ISHA. International Student Housing Assistance
Utrecht, 25 November 2021
The search for housing for international students continues to be a disaster.
‘I have watched internationals be homeless for up to 4 months, some even being forced to return home due to no accommodation being available.’
The housing problem in Utrecht has been a bit of a disaster for the last few years. Each year, there are thousands of students who want and need accommodation, and a large part can not obtain it. In 2021, the shortage of student residencies has been estimated to be more than 8000, which is an increase from the calendar year of 2019-2020. Adding to this shortage; around 3000 international students come to Utrecht each year for their studies, in desperate need of accommodation. They make up a large part of the students unable to find a room, since the search is made even more difficult for internationals versus Dutch students. The large shortage of rooms for international students has left these students feeling desperate and hopeless about their housing options in Utrecht and this problem should definitely be improved in the future.
The last ISHA report from the calendar year of 2020-2021 was written based on surveys which were distributed amongst international students from December 2020 to early June 2021. Since it was a Covid-19 year, in which there were less international students in Utrecht than normal, the response was quite low. This should be noted as it makes the validity a little less reliable than in previous years. The answers to the survey did however still offer a lot of information about the housing problems most internationals have faced. It paints quite a bleak picture, to say the least. Finding a room in Utrecht is described as “very difficult” and “absolutely awful”.
It seems that even though there may have been less international students in Utrecht than normal, the average time to find accommodation has increased drastically from an average of 4 weeks in 2018 to almost 8 weeks in 2021. Through some agencies, it even took students up to 20 weeks to find accommodation. Some students even say they were unable to find a room in time. This problem, combined with the increase in rent in the last year (for an average of 22.61 euro per month) and a decrease in room size (2.31m2 less than 2019) is very worrying. It’s no wonder that the satisfaction rate of internationals about housing in Utrecht has been dropping since 2016.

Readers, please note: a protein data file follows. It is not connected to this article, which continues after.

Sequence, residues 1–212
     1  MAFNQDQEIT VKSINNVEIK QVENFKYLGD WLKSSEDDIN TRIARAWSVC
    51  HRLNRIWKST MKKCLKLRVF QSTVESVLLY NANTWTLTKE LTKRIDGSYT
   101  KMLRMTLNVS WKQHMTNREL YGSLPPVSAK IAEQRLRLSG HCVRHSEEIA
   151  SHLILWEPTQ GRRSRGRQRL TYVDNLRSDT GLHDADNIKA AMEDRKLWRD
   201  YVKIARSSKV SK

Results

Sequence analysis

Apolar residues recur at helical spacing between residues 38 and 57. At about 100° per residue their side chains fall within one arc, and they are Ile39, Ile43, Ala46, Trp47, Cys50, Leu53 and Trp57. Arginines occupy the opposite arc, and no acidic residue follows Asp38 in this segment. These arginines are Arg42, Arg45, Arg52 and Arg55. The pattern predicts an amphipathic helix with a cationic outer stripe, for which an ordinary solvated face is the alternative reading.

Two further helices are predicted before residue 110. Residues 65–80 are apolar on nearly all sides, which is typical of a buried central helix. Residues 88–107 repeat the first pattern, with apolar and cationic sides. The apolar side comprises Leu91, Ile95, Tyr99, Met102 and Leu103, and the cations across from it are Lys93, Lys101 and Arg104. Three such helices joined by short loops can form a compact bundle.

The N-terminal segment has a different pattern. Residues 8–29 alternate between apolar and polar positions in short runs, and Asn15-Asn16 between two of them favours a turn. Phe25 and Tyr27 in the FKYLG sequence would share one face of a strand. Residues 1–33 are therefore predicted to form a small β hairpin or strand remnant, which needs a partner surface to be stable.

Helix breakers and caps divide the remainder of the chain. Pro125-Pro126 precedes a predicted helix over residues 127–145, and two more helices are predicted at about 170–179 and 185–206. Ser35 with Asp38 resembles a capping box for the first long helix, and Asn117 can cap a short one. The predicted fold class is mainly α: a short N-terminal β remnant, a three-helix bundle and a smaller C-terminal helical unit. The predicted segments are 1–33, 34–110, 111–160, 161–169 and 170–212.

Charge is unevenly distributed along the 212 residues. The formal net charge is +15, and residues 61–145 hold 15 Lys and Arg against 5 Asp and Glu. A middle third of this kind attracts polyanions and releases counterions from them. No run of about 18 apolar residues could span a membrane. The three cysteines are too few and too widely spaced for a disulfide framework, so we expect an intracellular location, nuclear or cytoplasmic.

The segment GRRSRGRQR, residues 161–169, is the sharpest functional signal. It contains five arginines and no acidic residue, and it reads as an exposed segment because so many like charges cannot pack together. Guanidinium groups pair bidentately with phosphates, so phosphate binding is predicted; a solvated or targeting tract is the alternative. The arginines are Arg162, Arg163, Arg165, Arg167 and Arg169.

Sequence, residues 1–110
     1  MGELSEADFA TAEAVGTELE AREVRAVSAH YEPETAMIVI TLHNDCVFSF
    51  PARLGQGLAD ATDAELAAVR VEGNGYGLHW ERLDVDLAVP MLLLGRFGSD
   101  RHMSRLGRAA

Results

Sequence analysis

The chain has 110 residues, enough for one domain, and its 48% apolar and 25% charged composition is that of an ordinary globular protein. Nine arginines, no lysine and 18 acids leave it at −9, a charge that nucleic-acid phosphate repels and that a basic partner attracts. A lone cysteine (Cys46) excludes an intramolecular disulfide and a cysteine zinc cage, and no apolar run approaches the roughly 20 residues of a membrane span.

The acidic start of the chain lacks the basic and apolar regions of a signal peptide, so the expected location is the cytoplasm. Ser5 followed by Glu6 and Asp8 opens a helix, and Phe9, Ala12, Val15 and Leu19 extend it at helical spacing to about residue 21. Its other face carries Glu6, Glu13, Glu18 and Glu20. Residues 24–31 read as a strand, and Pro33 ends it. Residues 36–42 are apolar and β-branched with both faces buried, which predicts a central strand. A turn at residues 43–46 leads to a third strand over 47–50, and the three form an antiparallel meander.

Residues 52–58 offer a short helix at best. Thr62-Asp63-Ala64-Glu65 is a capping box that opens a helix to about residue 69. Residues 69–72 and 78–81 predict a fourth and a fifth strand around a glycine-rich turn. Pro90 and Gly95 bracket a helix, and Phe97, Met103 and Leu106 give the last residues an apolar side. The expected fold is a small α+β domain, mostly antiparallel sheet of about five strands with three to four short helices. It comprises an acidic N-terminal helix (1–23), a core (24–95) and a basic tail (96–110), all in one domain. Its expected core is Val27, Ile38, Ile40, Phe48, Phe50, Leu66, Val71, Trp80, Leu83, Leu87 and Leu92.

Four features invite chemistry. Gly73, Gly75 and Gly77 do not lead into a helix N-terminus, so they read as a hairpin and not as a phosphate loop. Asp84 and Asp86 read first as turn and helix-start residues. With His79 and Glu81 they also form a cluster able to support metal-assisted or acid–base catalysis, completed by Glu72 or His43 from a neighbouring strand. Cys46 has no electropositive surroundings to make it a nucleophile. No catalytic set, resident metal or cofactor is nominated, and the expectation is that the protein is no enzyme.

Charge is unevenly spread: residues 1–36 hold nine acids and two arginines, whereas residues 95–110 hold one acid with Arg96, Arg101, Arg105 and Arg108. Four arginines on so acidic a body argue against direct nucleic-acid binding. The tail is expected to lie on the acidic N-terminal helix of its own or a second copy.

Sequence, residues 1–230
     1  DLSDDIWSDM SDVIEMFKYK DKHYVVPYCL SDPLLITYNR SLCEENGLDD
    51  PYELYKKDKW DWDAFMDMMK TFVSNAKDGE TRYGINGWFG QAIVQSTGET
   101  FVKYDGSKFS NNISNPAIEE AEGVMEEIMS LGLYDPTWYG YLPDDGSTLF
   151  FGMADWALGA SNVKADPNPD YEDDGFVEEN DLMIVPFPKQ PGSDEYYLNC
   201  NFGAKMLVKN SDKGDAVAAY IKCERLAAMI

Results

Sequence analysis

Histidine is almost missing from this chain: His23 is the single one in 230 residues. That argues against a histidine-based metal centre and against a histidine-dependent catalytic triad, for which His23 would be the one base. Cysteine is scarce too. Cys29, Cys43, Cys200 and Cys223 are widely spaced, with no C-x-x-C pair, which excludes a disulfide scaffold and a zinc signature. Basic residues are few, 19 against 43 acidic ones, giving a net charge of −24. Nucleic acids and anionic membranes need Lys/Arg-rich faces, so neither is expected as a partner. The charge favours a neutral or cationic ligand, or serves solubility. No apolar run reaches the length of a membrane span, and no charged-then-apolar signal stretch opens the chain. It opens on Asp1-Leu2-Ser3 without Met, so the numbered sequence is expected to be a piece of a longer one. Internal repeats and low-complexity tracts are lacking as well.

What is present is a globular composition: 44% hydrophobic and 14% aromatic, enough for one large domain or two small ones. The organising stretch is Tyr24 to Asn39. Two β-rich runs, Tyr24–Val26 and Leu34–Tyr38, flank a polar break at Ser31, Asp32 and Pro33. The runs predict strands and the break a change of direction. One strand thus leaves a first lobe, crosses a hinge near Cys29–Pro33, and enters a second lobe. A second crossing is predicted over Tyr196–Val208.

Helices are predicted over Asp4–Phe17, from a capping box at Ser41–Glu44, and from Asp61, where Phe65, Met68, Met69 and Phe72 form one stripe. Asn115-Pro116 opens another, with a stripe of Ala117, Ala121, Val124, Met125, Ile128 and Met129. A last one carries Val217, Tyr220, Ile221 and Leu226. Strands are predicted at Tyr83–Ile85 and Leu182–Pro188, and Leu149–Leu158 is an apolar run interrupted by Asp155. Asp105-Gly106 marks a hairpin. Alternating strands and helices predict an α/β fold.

Because of the sheer degree of difficulty to find a room, a lot of internationals end up settling for a less than ideal living situation. For instance: “The bedroom size is extremely small. There is barely any space to walk. Although the housing location is very good and the whole house is accessible.” Other respondents for instance ended up living in a room with a number of roommates that do not quite meet their wishes. Or they don’t live with Dutch housemates even though they wanted to. This seems to be an ongoing trend from last year (and the years before that) in which living in a mixed house of Dutchies and internationals seems to be near impossible for the international students due to discrimination. The label “NO INTERNATIONALS” is still a far too common occurrence on housing ads online.
Additionally, internationals had to deal with consequences of the COVID pandemic when it came to their living and housing situation. Therefore, the survey asked the participants about their experience of loneliness since the outbreak.It turns out that 66.7% of participants do indeed experience loneliness.
All of the previously mentioned housing problems seem very worrying, especially considering that the amount of international students coming to Utrecht each year continues to grow (outside of Covid-19 years), and thus the accommodation shortage will only continue to grow. “International students get little help in their search for housing which is worrying since having good accommodation is essential for a pleasant study time and a productive learning environment”. The educational institutes such as Utrecht University indicate that they want to help with the process of creating more accommodation for (international) students. In recent years, for example, they have reserved more housing with the SSH, and they are trying to inform students at an early stage about the difficult housing market utilizing a webinar. However, this turns out not to be enough, as the housing shortage is only increasing, not decreasing. Thus, Utrecht University and other housing providers in Utrecht must quickly come up with a better approach to prevent the exploitation of international students.
Read the report here: http://www.ishau.nl/reports/
Note for editorial, not meant for publication:
For any questions, you can contact:
Laura Müllejans (President of ISHA): Via +39 3927458224 of firstname.lastname@example.org
ISHA is a combined organization of four student associations in Utrecht: ESN, VIDIUS, BuddyGoDutch and BoKS. This collaboration exists to protect the housing rights of international students in Utrecht.
Download the PDF here